In 2004, the U.S. Department of Education’s Institute of Education Sciences commissioned Mathematica to conduct the first nationwide, lottery-based study of charter schools. The lottery-based design compared outcomes for applicants admitted to the charter middle school through the lottery to outcomes...
- Evaluation of educational interventions
- Systematic research reviews
- School Choice and Charters
- Teacher and Principal Effectiveness
- Human Services
Allison McKie has expertise in evaluating educational interventions, including teacher incentive programs, and conducting systematic research reviews.
McKie has conducted research on teacher pay-for-performance programs and other topics in educational reform. She was the project director for an evaluation of the Teacher Advancement Program in the Chicago Public Schools, a whole-school reform that combined teacher performance incentives and promotion opportunities with mentoring and professional development. She currently provides technical assistance to grantees under the Teacher Incentive Fund, which promotes performance-based teacher and principal compensation systems in high-need schools. McKie is principal investigator for the an effort to help educators use data strategically to improve teachers’ effectiveness and increase students’ college readiness, and plays a lead role in the national evaluation of teacher residency programs.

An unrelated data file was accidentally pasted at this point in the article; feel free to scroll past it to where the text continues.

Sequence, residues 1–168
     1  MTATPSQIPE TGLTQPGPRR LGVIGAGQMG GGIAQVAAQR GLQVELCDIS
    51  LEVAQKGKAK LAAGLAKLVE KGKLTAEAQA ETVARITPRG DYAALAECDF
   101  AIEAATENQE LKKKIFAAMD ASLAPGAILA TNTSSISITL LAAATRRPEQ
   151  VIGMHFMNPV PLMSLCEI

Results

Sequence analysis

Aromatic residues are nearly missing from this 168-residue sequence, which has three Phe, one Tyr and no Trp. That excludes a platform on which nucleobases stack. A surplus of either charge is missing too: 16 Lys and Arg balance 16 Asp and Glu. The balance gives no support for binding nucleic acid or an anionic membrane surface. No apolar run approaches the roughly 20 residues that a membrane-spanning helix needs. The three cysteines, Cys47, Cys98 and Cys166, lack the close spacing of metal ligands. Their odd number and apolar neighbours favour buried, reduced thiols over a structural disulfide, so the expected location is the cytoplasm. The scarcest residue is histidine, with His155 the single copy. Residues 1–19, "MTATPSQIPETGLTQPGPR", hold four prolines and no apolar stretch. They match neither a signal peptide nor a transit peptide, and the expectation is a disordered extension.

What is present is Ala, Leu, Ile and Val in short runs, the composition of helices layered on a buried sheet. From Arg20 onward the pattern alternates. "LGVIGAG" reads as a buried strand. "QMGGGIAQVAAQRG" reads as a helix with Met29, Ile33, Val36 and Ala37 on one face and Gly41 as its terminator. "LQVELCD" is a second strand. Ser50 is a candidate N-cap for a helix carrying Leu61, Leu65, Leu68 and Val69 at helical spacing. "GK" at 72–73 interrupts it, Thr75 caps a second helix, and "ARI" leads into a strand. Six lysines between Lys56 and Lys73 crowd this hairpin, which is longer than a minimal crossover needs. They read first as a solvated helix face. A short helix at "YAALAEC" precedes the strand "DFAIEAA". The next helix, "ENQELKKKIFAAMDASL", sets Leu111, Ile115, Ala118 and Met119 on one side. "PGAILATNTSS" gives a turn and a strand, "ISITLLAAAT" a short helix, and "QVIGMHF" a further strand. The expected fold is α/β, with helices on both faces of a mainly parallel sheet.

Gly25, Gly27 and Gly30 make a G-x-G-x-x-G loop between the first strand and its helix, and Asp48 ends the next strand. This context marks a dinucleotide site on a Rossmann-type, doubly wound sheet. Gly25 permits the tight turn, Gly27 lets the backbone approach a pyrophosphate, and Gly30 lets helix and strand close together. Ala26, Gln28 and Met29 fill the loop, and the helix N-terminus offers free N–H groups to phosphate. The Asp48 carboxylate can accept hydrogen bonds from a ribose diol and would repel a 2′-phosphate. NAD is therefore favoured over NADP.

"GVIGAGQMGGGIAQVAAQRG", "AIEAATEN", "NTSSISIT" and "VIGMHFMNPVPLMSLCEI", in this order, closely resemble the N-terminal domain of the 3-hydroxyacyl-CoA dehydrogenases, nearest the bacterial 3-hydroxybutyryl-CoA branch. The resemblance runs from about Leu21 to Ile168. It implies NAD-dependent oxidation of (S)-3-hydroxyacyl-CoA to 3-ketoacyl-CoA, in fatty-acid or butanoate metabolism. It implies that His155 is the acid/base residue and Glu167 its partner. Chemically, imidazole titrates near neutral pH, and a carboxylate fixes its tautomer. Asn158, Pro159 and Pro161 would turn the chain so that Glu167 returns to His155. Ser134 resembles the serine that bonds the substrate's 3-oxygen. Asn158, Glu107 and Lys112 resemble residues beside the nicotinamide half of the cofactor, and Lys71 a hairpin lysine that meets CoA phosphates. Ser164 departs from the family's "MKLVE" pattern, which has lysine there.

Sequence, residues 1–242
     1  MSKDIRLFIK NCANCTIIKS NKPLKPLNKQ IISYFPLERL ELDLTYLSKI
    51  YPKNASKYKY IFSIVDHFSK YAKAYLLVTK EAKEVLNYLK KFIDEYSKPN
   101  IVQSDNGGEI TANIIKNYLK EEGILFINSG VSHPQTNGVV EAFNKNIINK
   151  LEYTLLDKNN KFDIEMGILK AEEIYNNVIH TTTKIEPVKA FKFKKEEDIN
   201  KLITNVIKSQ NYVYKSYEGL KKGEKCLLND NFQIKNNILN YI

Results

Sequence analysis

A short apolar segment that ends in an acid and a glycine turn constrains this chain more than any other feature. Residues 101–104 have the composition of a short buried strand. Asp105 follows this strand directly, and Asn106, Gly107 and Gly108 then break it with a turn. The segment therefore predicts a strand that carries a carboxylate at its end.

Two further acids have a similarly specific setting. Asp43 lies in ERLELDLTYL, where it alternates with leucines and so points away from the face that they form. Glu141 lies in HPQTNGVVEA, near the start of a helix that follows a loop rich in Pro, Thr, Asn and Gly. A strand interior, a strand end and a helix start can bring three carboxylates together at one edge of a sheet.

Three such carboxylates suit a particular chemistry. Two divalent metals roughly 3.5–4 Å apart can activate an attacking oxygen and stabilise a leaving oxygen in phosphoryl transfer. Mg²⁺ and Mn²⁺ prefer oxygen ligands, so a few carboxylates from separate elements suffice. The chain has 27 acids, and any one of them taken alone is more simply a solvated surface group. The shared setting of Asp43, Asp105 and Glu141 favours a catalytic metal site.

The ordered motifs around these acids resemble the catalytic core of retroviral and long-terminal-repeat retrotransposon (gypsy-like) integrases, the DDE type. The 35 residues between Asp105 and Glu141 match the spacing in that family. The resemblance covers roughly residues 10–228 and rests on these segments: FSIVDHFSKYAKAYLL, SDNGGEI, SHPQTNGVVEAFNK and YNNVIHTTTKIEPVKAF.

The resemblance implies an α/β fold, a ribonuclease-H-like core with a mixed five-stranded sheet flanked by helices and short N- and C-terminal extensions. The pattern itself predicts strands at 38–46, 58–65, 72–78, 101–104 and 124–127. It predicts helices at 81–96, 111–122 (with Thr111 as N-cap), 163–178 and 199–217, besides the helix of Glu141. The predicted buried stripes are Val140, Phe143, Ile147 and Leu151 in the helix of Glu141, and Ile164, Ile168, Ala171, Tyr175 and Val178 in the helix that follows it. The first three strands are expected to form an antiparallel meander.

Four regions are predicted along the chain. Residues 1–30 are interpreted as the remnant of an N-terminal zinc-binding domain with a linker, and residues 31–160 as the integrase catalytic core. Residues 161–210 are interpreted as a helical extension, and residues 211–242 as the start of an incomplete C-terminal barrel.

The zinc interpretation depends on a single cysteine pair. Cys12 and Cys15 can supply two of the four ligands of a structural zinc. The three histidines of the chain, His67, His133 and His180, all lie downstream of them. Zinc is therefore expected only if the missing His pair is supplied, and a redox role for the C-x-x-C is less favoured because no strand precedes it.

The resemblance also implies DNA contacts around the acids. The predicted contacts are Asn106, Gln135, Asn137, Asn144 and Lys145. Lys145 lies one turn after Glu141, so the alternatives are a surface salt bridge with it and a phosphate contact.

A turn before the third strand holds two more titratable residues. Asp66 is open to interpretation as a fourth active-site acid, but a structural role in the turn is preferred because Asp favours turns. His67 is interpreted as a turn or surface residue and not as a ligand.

McKie presents at conferences of professional organizations, including the American Educational Research Association, Association for Education Finance and Policy, and Association for Public Policy Analysis and Management. The author of a chapter on dropout rates in the Encyclopedia of Education Economics & Finance, she holds a Ph.D. in economics from the Massachusetts Institute of Technology.
Our Charter School Research: Providing an Objective Voice in the Debate
Building the Knowledge Base on Teacher Preparation and Effectiveness
Mathematica designed and conducted three large-scale studies on the relationship between teacher preparation and effectiveness, using the most rigorous approach possible—random assignment of students to teachers from different kinds of programs—and compared student test scores to gauge teacher effectiveness.